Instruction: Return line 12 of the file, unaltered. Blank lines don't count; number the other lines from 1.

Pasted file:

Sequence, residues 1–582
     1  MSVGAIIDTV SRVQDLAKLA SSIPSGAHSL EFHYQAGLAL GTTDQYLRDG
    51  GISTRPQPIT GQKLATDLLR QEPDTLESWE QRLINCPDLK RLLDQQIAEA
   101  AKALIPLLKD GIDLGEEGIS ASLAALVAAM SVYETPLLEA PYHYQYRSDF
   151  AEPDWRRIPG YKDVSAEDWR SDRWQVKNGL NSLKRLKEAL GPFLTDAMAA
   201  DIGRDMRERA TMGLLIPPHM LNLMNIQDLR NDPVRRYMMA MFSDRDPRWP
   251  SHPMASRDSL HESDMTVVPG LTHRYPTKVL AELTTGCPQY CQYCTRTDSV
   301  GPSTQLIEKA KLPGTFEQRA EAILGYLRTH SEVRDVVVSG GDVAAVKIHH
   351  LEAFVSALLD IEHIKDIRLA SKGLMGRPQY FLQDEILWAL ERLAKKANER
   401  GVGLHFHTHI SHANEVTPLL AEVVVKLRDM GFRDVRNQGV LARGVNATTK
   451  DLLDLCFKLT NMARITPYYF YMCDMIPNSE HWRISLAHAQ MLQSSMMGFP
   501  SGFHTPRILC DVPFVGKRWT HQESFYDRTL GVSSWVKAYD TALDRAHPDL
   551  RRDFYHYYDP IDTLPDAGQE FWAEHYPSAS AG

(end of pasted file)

   501  SGFHTPRILC DVPFVGKRWT HQESFYDRTL GVSSWVKAYD TALDRAHPDL